In the summer of 1997, Zhang Hongchao, armed with a meager capital of RMB 3,000 (USD 460), embarked on a journey that would lead to the creation of Mixue Bingcheng, a global chain of fresh ice cream and tea stores. Zhang Hongchao, together with his younger brother Zhang Hongfu, evolved from running a roadside ice stall in Zhengzhou, a city of 10 million people, to commanding a business empire with over 18,000 stores across China and Southeast Asia.
The early struggles and strategic expansion of Mixue Bingcheng
In the late 90s, Zhang Hongchao pivoted from a series of unsuccessful entrepreneurial ventures to re-establish his cold drink business, Mixue Bingcheng, in rapidly developing Zhengzhou. He tailored the business to the emerging urban demands, offering a diverse menu that resonated with locals and secured Mixue Bingcheng’s place in the city’s food and beverage scene.
1999 was a pivotal year when Zhang’s brother, Zhang Hongfu, joined the business. By introducing an affordable menu and situating outlets in underrepresented third- and fourth-tier cities, college students and young adults became a key customer segment of Mixue under the Zhang brothers’ management. Zhang Hongfu’s innovative menu additions further catered to evolving customer tastes, elevating Mixue Bingcheng as a go-to spot for a fusion of sweet and savory cravings.
Low prices, high volumes: A winning strategy
Mixue Bingcheng’s strategy was to offer affordable prices. A hamburger would cost RMB 3 (USD 0.42), French fries for RMB 1, and Yangzhou fried rice for RMB 2. By calculating the cost meticulously and adding a small gross profit margin, the brothers managed to turn a profit despite the low prices.
2006 marked a turning point when the brothers noticed a popular ice cream priced at RMB 18. They promptly developed a new ice cream for Mixue Bingcheng, priced at just RMB 1, which quickly became a hit item. This affordable ice cream brought an influx of customers, selling up to 5,000 units a day.
After operating as a sole proprietorship for a few years, the brothers reshaped Mixue Bingcheng into a partnership with two other shareholders in 2008, bringing in professional managers and rebranding with a new company logo. By 2010, Mixue Bingcheng had passed the first batch of franchising records with the Ministry of Commerce, leading to rapid growth in the number of stores.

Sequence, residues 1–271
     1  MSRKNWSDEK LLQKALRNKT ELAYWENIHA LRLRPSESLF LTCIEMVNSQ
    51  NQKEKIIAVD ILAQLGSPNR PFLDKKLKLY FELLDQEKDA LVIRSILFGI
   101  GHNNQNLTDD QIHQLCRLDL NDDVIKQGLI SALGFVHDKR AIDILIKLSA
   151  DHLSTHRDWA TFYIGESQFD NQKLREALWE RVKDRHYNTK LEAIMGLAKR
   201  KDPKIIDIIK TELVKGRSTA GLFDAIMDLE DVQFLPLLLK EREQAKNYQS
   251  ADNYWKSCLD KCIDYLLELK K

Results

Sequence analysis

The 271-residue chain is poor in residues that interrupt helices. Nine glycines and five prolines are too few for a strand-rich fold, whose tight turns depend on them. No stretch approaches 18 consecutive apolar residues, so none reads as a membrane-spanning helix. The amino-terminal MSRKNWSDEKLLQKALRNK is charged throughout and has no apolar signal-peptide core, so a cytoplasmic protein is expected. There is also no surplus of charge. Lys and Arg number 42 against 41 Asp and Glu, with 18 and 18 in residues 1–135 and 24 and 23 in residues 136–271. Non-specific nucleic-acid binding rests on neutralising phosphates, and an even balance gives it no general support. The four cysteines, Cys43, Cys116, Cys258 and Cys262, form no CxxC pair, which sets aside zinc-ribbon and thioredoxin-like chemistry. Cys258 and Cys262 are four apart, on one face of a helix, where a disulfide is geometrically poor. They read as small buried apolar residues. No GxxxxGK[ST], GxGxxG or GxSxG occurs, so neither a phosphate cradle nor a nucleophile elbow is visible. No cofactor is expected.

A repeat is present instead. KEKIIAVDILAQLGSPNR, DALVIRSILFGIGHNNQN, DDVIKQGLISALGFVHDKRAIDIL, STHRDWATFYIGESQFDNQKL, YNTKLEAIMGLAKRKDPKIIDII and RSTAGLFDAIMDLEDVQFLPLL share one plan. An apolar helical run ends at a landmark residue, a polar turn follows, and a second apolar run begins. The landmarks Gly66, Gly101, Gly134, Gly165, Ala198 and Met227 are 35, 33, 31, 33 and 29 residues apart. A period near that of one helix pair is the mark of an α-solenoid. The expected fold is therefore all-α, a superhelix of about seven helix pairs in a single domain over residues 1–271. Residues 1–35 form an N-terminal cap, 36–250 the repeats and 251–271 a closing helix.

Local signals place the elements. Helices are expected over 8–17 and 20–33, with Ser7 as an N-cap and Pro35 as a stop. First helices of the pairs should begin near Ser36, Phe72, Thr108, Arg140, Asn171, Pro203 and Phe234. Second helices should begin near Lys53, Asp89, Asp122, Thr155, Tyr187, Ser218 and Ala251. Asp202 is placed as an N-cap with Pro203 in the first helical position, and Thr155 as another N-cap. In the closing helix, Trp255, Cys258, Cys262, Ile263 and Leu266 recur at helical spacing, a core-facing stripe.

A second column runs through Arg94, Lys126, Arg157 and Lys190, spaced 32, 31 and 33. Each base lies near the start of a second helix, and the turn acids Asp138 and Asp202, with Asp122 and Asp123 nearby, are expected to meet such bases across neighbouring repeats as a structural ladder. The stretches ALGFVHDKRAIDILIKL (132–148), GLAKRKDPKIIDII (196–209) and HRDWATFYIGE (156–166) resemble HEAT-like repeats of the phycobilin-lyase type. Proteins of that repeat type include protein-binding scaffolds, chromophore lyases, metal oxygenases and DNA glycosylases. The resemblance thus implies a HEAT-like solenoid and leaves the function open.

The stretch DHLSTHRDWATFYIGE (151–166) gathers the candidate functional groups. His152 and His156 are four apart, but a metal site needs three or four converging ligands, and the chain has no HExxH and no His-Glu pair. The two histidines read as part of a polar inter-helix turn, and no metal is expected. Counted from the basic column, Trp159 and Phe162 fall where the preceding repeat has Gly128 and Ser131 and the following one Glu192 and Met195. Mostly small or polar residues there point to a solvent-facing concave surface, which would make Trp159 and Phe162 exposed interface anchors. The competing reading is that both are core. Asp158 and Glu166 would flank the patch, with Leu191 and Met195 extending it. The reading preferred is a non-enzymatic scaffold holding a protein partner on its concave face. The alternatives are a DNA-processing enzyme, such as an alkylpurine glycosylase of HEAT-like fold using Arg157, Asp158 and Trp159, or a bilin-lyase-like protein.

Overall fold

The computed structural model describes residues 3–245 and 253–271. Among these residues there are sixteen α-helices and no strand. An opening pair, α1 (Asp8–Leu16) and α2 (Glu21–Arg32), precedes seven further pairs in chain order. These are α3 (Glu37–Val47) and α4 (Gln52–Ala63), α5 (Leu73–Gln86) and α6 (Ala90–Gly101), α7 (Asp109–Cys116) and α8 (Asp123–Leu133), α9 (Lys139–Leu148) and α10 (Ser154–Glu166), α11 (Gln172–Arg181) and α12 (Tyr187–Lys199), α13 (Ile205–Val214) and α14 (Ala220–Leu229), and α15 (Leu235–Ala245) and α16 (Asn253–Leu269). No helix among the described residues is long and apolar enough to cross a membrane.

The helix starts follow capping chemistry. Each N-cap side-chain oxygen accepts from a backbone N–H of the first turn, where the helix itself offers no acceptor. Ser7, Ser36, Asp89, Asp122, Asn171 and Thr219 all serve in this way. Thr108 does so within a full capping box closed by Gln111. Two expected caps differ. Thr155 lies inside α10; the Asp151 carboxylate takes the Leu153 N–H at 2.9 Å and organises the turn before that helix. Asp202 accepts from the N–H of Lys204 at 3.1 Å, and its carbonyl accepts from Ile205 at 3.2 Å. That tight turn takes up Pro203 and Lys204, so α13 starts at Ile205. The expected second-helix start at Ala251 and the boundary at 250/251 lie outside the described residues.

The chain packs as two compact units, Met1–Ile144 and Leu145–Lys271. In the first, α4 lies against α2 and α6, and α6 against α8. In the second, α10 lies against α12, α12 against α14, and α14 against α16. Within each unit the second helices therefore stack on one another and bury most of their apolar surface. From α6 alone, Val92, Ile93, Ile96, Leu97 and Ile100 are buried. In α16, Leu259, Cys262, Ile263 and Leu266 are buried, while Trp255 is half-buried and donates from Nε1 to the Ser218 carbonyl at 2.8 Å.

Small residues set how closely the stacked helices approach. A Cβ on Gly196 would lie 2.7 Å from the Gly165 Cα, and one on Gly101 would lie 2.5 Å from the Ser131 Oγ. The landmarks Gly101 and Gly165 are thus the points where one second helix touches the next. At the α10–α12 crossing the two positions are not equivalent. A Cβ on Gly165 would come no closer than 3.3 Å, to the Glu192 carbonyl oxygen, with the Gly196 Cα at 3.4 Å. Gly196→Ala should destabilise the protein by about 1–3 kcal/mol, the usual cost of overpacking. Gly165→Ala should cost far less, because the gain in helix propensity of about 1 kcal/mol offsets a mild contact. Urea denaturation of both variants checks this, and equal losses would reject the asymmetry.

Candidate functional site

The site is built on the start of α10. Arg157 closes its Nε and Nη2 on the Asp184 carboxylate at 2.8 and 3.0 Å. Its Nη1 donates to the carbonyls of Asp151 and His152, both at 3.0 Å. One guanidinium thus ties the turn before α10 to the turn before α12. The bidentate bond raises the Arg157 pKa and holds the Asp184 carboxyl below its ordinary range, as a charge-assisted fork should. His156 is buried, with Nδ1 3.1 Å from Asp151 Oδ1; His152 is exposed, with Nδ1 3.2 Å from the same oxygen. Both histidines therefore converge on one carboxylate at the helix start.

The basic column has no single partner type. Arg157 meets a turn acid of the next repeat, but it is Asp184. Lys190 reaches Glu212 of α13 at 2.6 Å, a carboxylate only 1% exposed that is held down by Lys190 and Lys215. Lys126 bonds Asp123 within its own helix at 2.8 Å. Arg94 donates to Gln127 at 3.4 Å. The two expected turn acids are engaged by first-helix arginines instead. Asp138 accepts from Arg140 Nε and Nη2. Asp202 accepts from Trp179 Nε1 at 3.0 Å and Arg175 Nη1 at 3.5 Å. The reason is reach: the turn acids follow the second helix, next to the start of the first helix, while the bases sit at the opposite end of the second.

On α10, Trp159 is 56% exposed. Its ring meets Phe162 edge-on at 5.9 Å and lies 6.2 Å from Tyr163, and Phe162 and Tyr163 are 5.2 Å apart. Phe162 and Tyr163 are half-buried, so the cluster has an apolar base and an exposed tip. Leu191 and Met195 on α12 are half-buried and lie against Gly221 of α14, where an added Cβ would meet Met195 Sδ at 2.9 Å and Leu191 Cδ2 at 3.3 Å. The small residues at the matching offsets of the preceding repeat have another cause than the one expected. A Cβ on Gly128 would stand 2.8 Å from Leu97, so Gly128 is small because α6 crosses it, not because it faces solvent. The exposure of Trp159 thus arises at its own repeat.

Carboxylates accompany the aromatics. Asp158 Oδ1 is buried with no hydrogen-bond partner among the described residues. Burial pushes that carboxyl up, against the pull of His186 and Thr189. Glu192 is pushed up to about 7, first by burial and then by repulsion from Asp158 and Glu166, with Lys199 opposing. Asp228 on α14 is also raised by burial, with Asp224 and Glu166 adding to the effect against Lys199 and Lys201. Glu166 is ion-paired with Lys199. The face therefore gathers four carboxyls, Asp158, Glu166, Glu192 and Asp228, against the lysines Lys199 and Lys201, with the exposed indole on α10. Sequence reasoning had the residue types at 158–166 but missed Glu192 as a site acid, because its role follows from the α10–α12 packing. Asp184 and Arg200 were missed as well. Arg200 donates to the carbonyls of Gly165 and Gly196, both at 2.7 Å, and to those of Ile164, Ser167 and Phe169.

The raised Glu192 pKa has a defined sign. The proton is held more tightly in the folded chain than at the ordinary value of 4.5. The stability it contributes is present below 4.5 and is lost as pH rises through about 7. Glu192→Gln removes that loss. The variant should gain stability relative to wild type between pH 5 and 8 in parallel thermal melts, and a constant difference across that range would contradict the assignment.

In 2011, the partnership dissolved peacefully, leaving the Zhang brothers solely in charge of the business. The company began to expand, hitting a significant milestone in 2020 with over 18,000 stores worldwide, including Vietnam, Indonesia, and Laos in Southeast Asia.
Mixue Bingcheng’s financing success
Mixue Bingcheng secured its first and only round of financing in 2021. Led by Meituan’s DragonBall Capital and Hillhouse Capital, the company raised over RMB 2 billion (USD 278.82 million), catapulting its valuation to RMB 20 billion. Rumors of a potential listing began to circulate shortly after, and Mixue Bingcheng is now poised for its debut on the stock market.
An insider within the venture capital community, intimately familiar with the investment process, shared with the investment community, “The competition this time was intense. Every firm dispatched its best teams in a bid to secure a stake in Mixue Bingcheng. Ultimately, institutions such as Hillhouse Capital, DragonBall Capital, and CPE managed to achieve their objectives.”
Mixue Bingcheng’s low-cost, high-expansion formula for public listing
Mixue Bingcheng is making strides towards going public, underpinned by its unique business approach. By keeping its products affordable, most of which are priced below RMB 10, Mixue’s offerings still resonate well with consumers, particularly among young customers and residents of third and fourth-tier cities.
The company’s expansion strategy is also notable. Operating mainly as a franchise, Mixue Bingcheng has demonstrated impressive speed in opening stores, outpacing direct-operation brands like Hey Tea. This expansion, fueled by its low-price strategy, has seen Mixue Bingcheng spread from Henan across the country, strategically establishing a dense network of stores.
In addition, the large scale operation has reduced raw material costs, with direct deliveries to franchise stores from the company’s numerous factories and warehouses. Interestingly, apart from franchise fees, Mixue Bingcheng also charges franchises for these raw materials, a major revenue stream for the company. The company’s revenue, rumored to be around RMB 6 billion (USD 836.5 million) in 2019 with a net profit of about RMB 800 million, might now have breached the RMB 10 billion mark.
Constant innovation and diverse offerings fuel global expansion
Mixue Bingcheng continues to innovate and test new product offerings. The same day it filed for its initial public offering, Mixue Bingcheng inaugurated its first “Snow King Castle Experience Store” in Zhengzhou. This flagship store launched not only a range of new beverages but also expanded its menu to include diverse items like deep-fried skewers, coconut milk stewed noodles, do-it-yourself cakes, coffee, and bakery items. The brand even introduced a unique ice cream featuring baked buns, a nod to Henan’s local delicacies.
Last year, Mixue Bingcheng’s CEO, Zhang Hongfu, released an open letter stating the company’s intention to venture into the budget-friendly coffee sector and develop a new brand named “Lucky Coffee.” In a bold declaration of their ambitions, he vowed to replicate the success of Mixue Bingcheng within a span of five years.
The story of Mixue Bingcheng stands as a testament to the entrepreneurial spirit of the Zhang brothers, who managed to transform a humble roadside stall into a global franchising empire, expanding their reach to millions of customers worldwide.